Tim Ireland (from Bloggerheads) and I met up today to head down to Climate Camp. We expected the place to be teeming with police and media but thankfully by the afternoon most had gotten bored and went off, leaving people at the camp to get on with things.
People were still arriving as we left late in the afternoon, after attending a workshop on student activism. Was surprised at how many of them did not say much about using the internet to organise themselves and make links with other people. And these are bloody students for god’s sakes.
Sixty years of a free India have passed. Where is it now?
“We have hard work ahead”
Amartya Sen, a man who has watched India change over this time, divided an assessment of India‘s progress since Independence into three categories. First, the practice of democracy, second the removal of social inequality and backwardness and lastly the achievement of economic progress and equity.
He wrote this on the 50th anniversary of Indian independence and essentially concluded whilst democracy was intact in India, it was failing on the second count. India’s economy, of which we hear so much today, was beginning to gather pace in 1997, but it is surprising that the monumental leaps and bounds the GDP and purchasing power have made occurred in only the last decade.
Sunny Hundal, another famous thinker, said in response to Part One that “religious minorities in India snort in derision when India is declared as a democracy.” Well, they may scoff all they like, but the democracy central to Gandhi and Nehru’s aspirations for India is standing tall.
I’m heading down to Climate Camp tomorrow to check out what’s going on, take some pictures and meet people. If anyone wants to coordinate going there, email me.
A short while ago Sunny suggested on the OK blog that Britain needed a written constitution to resolve its many different identity problems. Very kindly he suggested that OurKingdom could host the debate about this, which we would be very happy to do in partnership with sites like Pickled Politics.
But today, to celebrate independence, Iâ€™d just like to drop in a note about a brilliant must-read article published a couple of years ago on Indiaâ€™s pioneering constitution. Itâ€™s by Rajeev Bhargava who write it for OurKingdomâ€™s mothership openDemocracy.net. Itâ€™s here.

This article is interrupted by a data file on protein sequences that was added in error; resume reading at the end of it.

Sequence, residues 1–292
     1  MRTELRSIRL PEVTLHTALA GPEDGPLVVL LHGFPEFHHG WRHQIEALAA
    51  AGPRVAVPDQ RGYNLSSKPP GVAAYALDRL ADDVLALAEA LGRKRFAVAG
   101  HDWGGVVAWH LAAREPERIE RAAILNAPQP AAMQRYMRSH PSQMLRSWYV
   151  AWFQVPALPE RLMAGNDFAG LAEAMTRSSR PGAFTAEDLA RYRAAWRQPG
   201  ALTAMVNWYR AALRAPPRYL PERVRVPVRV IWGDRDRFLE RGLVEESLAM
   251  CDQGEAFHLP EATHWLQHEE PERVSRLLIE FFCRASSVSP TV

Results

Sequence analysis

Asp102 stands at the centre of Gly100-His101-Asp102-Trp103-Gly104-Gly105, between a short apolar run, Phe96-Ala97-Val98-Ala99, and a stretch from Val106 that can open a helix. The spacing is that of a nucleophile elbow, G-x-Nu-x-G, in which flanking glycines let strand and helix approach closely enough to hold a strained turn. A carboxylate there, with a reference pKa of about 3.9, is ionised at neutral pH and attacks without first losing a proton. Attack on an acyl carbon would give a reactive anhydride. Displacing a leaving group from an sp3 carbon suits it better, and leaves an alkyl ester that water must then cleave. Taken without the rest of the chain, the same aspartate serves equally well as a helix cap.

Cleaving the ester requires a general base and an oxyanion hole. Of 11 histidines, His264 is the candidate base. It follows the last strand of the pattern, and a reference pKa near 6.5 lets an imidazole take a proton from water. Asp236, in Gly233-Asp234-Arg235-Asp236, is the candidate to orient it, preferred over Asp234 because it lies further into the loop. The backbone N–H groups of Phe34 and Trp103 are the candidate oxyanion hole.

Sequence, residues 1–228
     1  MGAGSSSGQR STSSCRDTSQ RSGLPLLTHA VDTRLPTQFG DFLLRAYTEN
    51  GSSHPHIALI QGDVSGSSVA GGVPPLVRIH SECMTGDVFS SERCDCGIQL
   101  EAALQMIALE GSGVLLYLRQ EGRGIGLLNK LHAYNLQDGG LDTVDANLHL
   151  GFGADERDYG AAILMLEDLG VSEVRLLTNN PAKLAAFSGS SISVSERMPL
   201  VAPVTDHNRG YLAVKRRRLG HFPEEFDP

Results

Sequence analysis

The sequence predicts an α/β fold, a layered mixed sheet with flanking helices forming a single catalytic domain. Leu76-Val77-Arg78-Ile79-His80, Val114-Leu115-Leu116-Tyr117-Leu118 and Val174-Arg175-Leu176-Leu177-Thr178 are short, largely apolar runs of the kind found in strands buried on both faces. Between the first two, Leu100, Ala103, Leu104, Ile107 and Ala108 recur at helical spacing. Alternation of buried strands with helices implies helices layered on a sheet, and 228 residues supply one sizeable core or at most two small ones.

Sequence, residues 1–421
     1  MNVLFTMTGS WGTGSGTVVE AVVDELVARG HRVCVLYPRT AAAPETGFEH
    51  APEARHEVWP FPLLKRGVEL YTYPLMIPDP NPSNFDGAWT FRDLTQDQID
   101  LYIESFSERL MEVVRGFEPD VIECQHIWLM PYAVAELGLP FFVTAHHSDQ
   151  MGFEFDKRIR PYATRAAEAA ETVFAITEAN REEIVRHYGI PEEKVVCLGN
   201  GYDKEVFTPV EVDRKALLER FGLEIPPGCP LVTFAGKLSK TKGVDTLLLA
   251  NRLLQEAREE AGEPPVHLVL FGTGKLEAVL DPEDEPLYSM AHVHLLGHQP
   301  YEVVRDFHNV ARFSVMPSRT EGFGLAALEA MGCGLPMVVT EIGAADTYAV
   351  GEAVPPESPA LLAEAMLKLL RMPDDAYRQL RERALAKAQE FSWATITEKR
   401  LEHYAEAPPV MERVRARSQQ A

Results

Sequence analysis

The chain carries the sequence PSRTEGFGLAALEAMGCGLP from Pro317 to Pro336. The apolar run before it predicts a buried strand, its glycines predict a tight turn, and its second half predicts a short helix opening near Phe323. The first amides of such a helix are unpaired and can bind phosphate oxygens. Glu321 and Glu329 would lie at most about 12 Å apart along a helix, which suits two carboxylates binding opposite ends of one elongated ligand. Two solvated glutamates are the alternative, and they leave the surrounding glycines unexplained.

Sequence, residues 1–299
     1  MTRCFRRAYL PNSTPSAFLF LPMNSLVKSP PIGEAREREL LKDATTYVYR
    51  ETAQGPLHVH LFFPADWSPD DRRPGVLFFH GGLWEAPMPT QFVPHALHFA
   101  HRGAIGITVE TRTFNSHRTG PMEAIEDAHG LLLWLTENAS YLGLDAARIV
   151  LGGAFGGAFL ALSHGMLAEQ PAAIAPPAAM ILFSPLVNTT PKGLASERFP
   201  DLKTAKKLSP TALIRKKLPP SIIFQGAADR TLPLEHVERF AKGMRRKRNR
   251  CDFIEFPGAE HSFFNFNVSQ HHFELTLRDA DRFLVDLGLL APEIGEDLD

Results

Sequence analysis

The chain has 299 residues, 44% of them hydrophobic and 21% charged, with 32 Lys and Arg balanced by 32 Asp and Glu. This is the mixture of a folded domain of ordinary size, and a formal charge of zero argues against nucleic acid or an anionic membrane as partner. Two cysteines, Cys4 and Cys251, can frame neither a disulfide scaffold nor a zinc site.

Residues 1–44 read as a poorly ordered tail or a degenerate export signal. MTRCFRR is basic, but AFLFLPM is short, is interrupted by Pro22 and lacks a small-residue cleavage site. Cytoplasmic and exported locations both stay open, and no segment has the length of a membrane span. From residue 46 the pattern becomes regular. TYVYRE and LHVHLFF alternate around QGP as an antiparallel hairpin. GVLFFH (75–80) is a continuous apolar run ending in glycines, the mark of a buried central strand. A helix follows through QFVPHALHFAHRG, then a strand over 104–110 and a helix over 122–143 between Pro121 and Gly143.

Rajeev argues that the Indian constitution is a model. It created a framework for multiculturalism â€“ long before Canada – and, indeed, before the word was coined which is perhaps why it is not recognised for its achievement. He also sets out a case for the way the Indian example redefines â€˜secularismâ€™. It has no Jeffersonian â€˜wallâ€™ between the state and religion. The latter is recognised as a public and not just a private force and is both protected and limited by the constitution. In this way the Indian constitution shows how modern democracy can adapt to the emergence of multiple religions which are themselves making public and not just private claims
The point for Britain is that a constitution and, more important still, the process of arriving at one, is not just technical or legal. Anyway, for today, letâ€™s celebrate the way India, at least, managed to create a new constitutional settlement in 1950 which, despite some speed-bumps, has lasted and remains well ahead of Britainâ€™s.
Anthony Barnett writes for openDemocracy.net.
This is a guest post.
14th August, 2007
The other father of the nation, Jawaharlal Nehru, ushered in a momentous change in Asia with one of the greatest speeches ever recorded. As part of his legacy he left behind decades of economic folly, but I will always have a tremendous admiration for the man, if only for that amazing oratory which, even now, encapsulates the myriad complexities of a vast nation.
In a split article, a brief look back at the last 60 years sets the scene for gazing ahead.
“The soul of a nation, long supressed, finds utterance”
Despite the spilled blood now mixed with the dusts of Bengal and Punjab, despite the largest movement of people in history, despite shameful conduct on the parts of Hindus, Muslims, Sikhs and the British, Partition remains a footnote to many.
Today is Pakistan’s 60th birthday, tomorrow it will be India’s. So here’s a joint thread in the name of closer partnership between the two countries. Comment is Free is running articles on ’60 years after the raj’. I’ll be contributing too.
Dan Hardie, who started the Iraqi employees campaign on blogs, was recently interviewed on Five Live regarding the issue. You can hear it below (thanks to Unity for hosting).
13th August, 2007
This is somewhat amusing:
In his first major speech as Foreign Secretary, David Miliband argued that, under Gordon Brown’s leadership, UK foreign policy has the strength to make a difference in the world, and thereby make a difference to Britain. But how do we ensure that the FCO makes the most effective contribution possible to that drive?
He is inviting thoughts and ideas on three key questions:
- What should our priorities be?
- What is the best way to co-ordinate across UK government?
- How can the FCO engage beyond Whitehall?
Well, what would you tell our new Foreign Secretary? And would something like this work, given the propensity of bloggers like Guido Fawkes to send idiots to such initiatives and ruin them (if he hasn’t already tried with this one)?
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The Conservatives unveiled new proposals today to crack down on forced marriages. This is what they sent me.
Update: A Home Office committee is also looking into forced marriages and “honour” killings, it has announced today.